Downtown residential addiction treatment facility helping moms keep kids
A soon-to-be mom battling a heroin addiction is also fighting to keep her baby after she's born.
55 percent of removals in 2017 were related to parental substance abuse, according to an evaluation of the Indiana Department of Child Services released last week.
Volunteers of America of Indiana, a free residential addiction treatment facility downtown, is helping moms recover and avoid being a part of that statistic. The program is funded by DCS.
Emily Wynder has been staying at Volunteers of America for roughly 30 days. She's expecting her fourth child next week, but she's been battling an addiction to heroin for the last two years. She said she's been clean since the end of May.
"I have been an addict for about 20 years off and on," said Wynder.
She said she first started using marijuana, then moved to prescription drugs and began using heroin two years ago. Her addiction became more dangerous when she found out she was five months pregnant.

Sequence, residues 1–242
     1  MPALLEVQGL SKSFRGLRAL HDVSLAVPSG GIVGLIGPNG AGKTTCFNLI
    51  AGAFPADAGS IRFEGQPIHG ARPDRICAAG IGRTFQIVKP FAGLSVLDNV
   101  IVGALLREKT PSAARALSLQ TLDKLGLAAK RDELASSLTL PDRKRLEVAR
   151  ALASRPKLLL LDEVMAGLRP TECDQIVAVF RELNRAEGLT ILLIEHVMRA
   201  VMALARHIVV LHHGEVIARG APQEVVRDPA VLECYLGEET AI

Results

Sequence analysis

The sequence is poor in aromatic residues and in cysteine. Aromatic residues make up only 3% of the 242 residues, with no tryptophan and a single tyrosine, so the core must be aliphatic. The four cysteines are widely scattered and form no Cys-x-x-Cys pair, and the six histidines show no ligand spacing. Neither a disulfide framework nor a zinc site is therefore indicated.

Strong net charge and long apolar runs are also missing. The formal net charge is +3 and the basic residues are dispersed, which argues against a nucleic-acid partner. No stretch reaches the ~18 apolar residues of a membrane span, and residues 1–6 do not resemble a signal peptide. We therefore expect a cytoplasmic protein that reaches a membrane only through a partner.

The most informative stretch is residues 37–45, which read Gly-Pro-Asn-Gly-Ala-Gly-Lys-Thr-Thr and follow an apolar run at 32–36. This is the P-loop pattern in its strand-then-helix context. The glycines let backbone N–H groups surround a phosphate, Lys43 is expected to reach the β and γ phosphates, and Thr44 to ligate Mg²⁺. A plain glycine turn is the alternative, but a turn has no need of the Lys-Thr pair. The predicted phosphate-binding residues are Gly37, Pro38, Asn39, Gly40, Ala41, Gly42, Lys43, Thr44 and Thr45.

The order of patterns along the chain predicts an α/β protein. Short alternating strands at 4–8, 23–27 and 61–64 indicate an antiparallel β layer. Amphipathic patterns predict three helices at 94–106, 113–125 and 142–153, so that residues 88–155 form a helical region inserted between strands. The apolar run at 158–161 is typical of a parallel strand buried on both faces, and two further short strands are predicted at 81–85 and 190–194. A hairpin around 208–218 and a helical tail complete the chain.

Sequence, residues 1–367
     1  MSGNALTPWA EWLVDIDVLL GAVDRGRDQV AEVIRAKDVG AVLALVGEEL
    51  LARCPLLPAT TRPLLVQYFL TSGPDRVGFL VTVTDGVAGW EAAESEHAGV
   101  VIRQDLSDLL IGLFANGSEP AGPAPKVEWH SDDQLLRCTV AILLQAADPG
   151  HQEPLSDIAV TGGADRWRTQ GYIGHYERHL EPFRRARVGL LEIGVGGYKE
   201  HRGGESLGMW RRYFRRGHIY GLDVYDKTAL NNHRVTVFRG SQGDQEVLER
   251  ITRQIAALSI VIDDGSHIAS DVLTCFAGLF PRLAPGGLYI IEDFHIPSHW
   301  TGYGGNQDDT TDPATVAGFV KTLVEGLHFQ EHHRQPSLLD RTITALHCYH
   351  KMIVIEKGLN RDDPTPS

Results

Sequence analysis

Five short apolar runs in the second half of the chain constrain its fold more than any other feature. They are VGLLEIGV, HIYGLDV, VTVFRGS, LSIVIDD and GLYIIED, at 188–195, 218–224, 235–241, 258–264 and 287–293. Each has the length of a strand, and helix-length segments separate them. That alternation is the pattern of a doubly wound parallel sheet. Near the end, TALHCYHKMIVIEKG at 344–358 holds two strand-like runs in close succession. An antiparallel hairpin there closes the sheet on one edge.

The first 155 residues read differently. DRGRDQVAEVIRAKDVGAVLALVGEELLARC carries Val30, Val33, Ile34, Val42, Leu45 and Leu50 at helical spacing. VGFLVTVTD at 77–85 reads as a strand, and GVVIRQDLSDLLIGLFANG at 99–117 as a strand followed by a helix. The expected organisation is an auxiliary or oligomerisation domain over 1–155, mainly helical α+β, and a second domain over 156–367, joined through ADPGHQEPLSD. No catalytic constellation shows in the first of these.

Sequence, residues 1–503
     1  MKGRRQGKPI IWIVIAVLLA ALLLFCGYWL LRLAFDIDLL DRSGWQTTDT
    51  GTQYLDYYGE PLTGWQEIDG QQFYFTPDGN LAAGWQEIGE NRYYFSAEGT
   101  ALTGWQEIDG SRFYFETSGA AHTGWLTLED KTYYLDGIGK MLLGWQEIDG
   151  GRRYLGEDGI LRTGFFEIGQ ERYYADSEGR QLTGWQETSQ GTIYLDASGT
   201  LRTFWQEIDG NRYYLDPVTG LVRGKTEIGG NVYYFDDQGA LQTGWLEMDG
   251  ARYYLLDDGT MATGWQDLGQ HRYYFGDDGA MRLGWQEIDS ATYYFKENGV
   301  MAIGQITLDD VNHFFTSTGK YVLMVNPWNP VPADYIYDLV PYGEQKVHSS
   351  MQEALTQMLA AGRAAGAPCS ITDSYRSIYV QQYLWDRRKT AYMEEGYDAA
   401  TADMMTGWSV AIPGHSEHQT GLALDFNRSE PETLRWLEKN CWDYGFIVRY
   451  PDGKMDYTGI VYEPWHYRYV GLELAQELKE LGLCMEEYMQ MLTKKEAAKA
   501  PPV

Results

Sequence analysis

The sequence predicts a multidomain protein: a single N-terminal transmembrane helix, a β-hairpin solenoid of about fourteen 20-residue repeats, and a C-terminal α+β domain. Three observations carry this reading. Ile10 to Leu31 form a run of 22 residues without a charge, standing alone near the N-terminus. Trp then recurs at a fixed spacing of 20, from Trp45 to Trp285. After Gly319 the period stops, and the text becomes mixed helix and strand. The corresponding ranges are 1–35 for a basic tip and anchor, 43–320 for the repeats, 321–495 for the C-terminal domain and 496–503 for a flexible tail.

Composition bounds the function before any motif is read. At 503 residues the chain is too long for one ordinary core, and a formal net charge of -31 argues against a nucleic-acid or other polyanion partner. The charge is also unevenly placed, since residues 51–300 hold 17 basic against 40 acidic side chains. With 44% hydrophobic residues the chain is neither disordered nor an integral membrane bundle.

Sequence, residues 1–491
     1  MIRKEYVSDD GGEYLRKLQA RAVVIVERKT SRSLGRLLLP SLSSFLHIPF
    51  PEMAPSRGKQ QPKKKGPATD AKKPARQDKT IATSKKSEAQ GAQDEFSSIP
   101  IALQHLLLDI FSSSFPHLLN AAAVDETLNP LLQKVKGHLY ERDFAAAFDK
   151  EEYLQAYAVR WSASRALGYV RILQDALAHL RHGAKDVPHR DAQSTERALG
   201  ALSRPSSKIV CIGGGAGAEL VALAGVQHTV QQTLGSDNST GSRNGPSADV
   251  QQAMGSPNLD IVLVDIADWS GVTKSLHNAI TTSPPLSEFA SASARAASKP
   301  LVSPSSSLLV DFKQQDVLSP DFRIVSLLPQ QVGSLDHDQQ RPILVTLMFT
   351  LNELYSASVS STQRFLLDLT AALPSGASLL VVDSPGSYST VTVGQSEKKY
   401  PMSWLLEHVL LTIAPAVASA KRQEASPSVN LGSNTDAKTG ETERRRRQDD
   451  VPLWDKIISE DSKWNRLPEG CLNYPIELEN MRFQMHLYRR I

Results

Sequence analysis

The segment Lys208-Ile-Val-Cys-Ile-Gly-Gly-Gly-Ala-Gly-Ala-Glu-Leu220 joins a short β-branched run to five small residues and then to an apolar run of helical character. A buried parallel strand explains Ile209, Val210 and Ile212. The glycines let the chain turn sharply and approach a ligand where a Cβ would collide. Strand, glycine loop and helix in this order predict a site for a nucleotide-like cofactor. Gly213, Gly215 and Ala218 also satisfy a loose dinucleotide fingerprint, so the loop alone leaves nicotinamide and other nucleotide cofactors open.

"To think my baby is going to be taken as soon as I have them is something that’s really hard for me to talk about," she said.
Volunteers of America Indiana added 45 more beds in the last few months because the demand was so high. All 60 of their beds are filled. The facility lets mothers have two of their children, age 5 and under, live with them during treatment.
"If [the babies] test positive for drugs at the hospital, they don’t go home with mom," said Shannon Schumacher, executive VP of clinical and strategic services for Volunteers of America of Indiana.
Schumacher said there are only a few occasions when the mom did not leave with her child after graduating from the program. They also offer outpatient treatment so moms can come in for groups for as long as they need to.
"They can bring babies back with them to the rehab program so they have time to bound and continue to work on their recovery," she said.
Volunteers of America is helping moms like Wynder keep their newborn and stay clean. She plans to come back to the facility with her baby girl to continue treatment.
"If they just removed my kid and I knew I was never going to see her again, I would feel like I had no reason to stay clean," she said.
BY KELLY REINKE, FOX59
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